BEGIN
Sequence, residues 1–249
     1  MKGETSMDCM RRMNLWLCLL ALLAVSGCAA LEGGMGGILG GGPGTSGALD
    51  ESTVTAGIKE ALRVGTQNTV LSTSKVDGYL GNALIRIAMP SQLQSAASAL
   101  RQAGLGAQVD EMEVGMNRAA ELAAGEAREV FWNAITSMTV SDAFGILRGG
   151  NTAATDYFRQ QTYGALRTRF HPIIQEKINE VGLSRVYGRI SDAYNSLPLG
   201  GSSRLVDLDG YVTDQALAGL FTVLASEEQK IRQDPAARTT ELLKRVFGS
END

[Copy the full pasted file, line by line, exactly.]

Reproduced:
Sequence, residues 1–249
     1  MKGETSMDCM RRMNLWLCLL ALLAVSGCAA LEGGMGGILG GGPGTSGALD
    51  ESTVTAGIKE ALRVGTQNTV LSTSKVDGYL GNALIRIAMP SQLQSAASAL
   101  RQAGLGAQVD EMEVGMNRAA ELAAGEAREV FWNAITSMTV SDAFGILRGG
   151  NTAATDYFRQ QTYGALRTRF HPIIQEKINE VGLSRVYGRI SDAYNSLPLG
   201  GSSRLVDLDG YVTDQALAGL FTVLASEEQK IRQDPAARTT ELLKRVFGS